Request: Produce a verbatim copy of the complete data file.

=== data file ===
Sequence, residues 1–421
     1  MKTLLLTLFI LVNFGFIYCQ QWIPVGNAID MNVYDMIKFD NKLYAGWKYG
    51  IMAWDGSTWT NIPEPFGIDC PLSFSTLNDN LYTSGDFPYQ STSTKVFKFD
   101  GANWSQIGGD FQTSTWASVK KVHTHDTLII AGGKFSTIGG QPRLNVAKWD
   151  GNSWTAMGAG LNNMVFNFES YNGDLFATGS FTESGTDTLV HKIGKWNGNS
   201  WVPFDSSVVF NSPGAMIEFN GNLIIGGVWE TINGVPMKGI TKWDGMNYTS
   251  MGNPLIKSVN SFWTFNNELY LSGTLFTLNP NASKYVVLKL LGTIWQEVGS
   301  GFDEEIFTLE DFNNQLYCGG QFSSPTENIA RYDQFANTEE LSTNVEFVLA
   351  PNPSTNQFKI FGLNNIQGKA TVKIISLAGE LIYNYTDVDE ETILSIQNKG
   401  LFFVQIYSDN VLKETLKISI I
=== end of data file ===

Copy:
Sequence, residues 1–421
     1  MKTLLLTLFI LVNFGFIYCQ QWIPVGNAID MNVYDMIKFD NKLYAGWKYG
    51  IMAWDGSTWT NIPEPFGIDC PLSFSTLNDN LYTSGDFPYQ STSTKVFKFD
   101  GANWSQIGGD FQTSTWASVK KVHTHDTLII AGGKFSTIGG QPRLNVAKWD
   151  GNSWTAMGAG LNNMVFNFES YNGDLFATGS FTESGTDTLV HKIGKWNGNS
   201  WVPFDSSVVF NSPGAMIEFN GNLIIGGVWE TINGVPMKGI TKWDGMNYTS
   251  MGNPLIKSVN SFWTFNNELY LSGTLFTLNP NASKYVVLKL LGTIWQEVGS
   301  GFDEEIFTLE DFNNQLYCGG QFSSPTENIA RYDQFANTEE LSTNVEFVLA
   351  PNPSTNQFKI FGLNNIQGKA TVKIISLAGE LIYNYTDVDE ETILSIQNKG
   401  LFFVQIYSDN VLKETLKISI I